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6 Is Treatment Necessary? Faced with this chapter's title question, one is tempted to respond reflexively, with both urgency and gruffness, "Of course it is! How can one seriously question the necessity of treatment for problems that destroy hundreds of thousands of lives and cost our country hundreds of millions of dollars each year?" Yet the diversity of alcohol problems (see Chapter 2) requires that this question be considered more thoughtfully. In the previous chapter, which is supplemented by the material in Appendix B. the considerable evidence that some people with alcohol problems respond in a definite and gratifying manner to some treatments has been extensively presented. In this chapter the committee addresses some additional facts that serve to fill out a more comprehensive and at the same time more complex picture of response to treatment. These include the findings that (aJ some people with alcohol problems overcome them without arty formal treatment experience; (bJ some people who receive formal treatment have worse drinking problems afterward* and (cJ some people who are coerced into treatment do not fare better than those who receive no treatment. Improvement in Alcohol Problems Without Formal Treatment The phenomenon of improvement without treatment is characteristically referred to as "spontaneous remission," a label that is misleading with respect to both of its two terms (Stall and Biernacki, 1986~. Available data suggest that the resolution of alcohol problems without recourse to formal treatment (Tuchfeld, 1981) is neither spontaneous (it often occurs as a consequence of readily identifiable antecedents) nor best viewed as a remission (it often is not a temporary hiatus in the natural course of a relentlessly progressive problem). In this report, therefore, the phenomenon will be referred to as Improvement in alcohol problems without formal treatment." That such improvement does in fact occur is beyond serious doubt, although (as will be seen) many questions about the phenomenon remain unanswered. The reversal of disease states without formal therapeutic intervention is well known in medicine. Specifically effective medical interventions have in general been available only during the twentieth century, yet humanity has survived. Furthermore, a decline of mortality rates from many diseases long preceded the introduction of specific treatment, probably as a result of such nonspecific factors as improved diet (McKeown, 1976~. It was at one time customary for medical students entering their training to be congratulated on choosing their profession wisely because a significant proportion of the problems they would be called on to address would take care of themselves. Walter B. Cannon (1871-1945) coined the term homeostas~s to reflect the tendency of the human organism to return itself to a dynamic steady state following various kinds of perturbations, including illnesses. Multiple mechanisms, such as the production of antibodies to potentially harmful invading organisms on the physical level or the development of various defense mechanisms on the psychological level, subserve this purpose. Wound healing is an important example. When extravagantly praised for his therapeutic efforts on the battlefield, Ambroise Pare (1517-1590), the father of modern surgery, commented: "I dressed the wound; God healed it." So powerful is the tendency for human problems to revert to normal unaided by intentional therapeutics that special means must be employed in therapeutic evaluations to 152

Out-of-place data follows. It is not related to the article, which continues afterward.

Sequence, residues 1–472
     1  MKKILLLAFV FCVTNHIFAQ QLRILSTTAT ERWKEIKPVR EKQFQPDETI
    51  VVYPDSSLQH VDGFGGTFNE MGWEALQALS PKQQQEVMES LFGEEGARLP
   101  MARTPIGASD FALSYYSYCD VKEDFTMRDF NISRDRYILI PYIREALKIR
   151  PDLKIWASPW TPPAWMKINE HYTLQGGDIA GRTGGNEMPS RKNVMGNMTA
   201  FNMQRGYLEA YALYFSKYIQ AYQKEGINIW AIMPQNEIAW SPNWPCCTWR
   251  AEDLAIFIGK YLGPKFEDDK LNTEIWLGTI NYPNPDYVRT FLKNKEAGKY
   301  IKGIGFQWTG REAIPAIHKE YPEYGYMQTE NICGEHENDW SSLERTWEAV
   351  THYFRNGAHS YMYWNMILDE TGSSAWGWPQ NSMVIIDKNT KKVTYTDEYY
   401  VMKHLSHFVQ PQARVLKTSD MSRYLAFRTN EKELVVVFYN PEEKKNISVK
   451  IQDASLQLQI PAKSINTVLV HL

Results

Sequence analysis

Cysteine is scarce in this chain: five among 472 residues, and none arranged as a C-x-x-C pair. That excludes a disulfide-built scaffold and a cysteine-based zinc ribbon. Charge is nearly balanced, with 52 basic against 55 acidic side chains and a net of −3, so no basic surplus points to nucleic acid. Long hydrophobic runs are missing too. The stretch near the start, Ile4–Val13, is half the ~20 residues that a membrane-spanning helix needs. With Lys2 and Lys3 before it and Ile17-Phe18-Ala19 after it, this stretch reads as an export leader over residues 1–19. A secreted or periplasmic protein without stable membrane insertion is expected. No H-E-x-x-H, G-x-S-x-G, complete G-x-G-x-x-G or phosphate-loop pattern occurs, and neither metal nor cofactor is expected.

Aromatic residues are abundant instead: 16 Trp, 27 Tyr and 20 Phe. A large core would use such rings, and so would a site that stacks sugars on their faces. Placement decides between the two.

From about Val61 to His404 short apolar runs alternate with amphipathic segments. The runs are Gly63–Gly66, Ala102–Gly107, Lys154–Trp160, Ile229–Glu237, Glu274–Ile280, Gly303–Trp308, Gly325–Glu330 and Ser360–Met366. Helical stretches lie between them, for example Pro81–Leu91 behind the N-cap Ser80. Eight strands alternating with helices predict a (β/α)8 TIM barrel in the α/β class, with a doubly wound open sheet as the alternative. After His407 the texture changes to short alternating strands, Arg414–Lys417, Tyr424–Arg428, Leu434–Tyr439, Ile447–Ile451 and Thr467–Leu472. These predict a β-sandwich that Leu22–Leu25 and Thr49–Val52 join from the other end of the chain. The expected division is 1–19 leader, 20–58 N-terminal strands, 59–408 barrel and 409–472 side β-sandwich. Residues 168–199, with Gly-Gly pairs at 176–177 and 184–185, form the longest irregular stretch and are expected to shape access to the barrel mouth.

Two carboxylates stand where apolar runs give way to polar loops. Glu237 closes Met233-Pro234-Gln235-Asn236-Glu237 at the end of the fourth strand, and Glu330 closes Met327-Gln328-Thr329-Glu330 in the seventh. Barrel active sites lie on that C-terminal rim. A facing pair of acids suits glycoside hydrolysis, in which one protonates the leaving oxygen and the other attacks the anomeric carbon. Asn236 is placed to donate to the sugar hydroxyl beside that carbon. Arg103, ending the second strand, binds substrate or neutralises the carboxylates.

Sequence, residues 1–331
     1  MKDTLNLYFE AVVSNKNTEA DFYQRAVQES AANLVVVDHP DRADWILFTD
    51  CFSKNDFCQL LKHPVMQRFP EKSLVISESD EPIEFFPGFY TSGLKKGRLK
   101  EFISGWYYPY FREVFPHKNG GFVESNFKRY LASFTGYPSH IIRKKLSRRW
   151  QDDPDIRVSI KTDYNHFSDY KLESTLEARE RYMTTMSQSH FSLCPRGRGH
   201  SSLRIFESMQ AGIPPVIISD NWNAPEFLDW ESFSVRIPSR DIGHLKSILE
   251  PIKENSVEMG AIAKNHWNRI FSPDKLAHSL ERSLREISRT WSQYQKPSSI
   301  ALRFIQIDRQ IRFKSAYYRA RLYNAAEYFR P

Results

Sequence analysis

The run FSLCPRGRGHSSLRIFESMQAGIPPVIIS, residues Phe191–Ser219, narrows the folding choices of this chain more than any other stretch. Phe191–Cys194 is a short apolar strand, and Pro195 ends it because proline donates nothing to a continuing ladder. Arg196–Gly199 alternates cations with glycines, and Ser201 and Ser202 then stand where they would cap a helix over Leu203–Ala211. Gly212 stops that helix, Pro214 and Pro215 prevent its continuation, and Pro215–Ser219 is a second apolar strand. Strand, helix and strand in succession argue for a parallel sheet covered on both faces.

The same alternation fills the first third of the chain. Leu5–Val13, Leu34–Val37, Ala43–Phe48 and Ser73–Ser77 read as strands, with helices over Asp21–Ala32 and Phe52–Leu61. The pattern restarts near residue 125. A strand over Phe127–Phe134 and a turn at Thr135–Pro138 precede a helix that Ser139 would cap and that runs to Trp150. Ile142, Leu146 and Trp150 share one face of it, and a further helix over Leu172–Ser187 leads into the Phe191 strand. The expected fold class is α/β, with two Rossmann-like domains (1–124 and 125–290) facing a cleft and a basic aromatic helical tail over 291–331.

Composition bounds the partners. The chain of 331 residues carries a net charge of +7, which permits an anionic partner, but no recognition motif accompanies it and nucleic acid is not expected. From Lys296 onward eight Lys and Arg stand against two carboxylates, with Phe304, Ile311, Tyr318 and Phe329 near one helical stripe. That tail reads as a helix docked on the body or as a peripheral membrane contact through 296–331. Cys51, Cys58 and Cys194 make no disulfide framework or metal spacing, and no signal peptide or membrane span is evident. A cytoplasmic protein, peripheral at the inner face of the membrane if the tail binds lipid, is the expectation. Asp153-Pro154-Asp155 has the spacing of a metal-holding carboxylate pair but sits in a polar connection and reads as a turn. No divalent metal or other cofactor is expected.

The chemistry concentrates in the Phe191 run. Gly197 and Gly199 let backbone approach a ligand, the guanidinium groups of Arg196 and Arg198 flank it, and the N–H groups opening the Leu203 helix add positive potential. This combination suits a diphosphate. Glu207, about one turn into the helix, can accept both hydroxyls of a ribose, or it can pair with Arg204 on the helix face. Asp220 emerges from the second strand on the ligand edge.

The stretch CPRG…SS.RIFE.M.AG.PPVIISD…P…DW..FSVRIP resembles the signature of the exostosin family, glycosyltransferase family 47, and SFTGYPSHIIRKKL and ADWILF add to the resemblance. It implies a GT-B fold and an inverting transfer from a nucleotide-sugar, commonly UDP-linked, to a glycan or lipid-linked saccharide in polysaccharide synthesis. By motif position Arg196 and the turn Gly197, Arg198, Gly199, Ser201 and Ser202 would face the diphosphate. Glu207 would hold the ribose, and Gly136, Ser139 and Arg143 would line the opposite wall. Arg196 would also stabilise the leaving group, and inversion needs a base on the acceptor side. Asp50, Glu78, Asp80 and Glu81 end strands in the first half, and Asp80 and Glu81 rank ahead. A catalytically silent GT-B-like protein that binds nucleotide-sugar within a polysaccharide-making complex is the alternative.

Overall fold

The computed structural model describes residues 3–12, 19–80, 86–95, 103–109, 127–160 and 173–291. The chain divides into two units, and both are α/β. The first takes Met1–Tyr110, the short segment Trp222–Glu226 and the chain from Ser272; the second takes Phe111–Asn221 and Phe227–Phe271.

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IS TREATMENT NECESSARY? 153 take reversions that are not due to treatment into account. The randomized controlled trial ARCH described in the previous chapter is commonly used for this purpose. Rigorous testing of efficacy is required even in instances in which success seems likely or is critically important (e.g., in tests of vaccines or of anticancer agents), in large measure because of the reality of improvement without formal treatment. Given the foregoing, it should not be surprising that improvement without formal treatment may also occur in alcohol problems. A number of lines of evidence suggest that it does. One is clinical observation. The first North American treatise on alcohol problems, prepared by Benjamin Rush (1745-1813), contains a number of examples of the cessation of alcohol problems in the absence of formal intervention. Two are presented here. A farmer in England, who had been many years in the practice of coming home intoxicated, from a market town, one day observed appearances of rain, while he was in market. His hay was cut, and ready to be housed. To save it, he returned in haste to his farm, before he had taken his customary dose of grog. Upon coming into his house, one of his children, a boy of six years old, ran to his mother, and cried out, "O mother, father is come home, and he is not drunk." The father, who heard this exclamation, was so severely rebuked by it, that he suddenly became a sober man. A noted drunkard was once followed by a favorite goat, to a tavern, into which he was invited by his master, and drenched with some of his liquor. The poor animal staggered home with his master, a good deal intoxicated. The next day he followed him to his accustomed tavern. When the goat came to the door, he paused: his master made signs to him to follow him into the house. The goat stood still. An attempt was made to thrust him into the tavern. He resisted, as if struck with the recollection of what he suffered from being intoxicated the night before. His master was so much affected by a sense of shame, in observing the conduct of his goat to be so much more rational than his own, that he ceased from that time to drink spirituous liquors. (Jellinek, 1943:339) Most contemporary evidence for improvement without formal treatment comes from studies of alcohol problems in the general population. By definition, it is not possible to study the phenomenon in a population undergoing formal treatment. However, this does flat mean that so-called spontaneous remission does not occur in treatment populations. Although improvement that occurs in an individual in treatment is characteristically attributed to the treatment provided, it may in fact be due to other causes. It is just such a possibility that RCIs and other research designs are used to explore. The results of a large number of studies in general populations and their implications for the understanding of improvement without formal treatment have been extensively summarized by Fillmore and her associates (1988) in a review prepared for the use of this committee. In general, two types of studies have been done: cross-sectional and longitudinal. In the first the status of alcohol problems of individuals in a large population has been examined at one point in time. In the second the status of alcohol problems of individuals in a smaller population has been examined at more than one point in time (usually two points). Although these studies do not directly examine improvement without formal treatment, a relatively consistent picture emerges from them. First, the prevalence of alcohol problems declines with age. People in younger age categories are more likely to have alcohol problems. As they grow older, their alcohol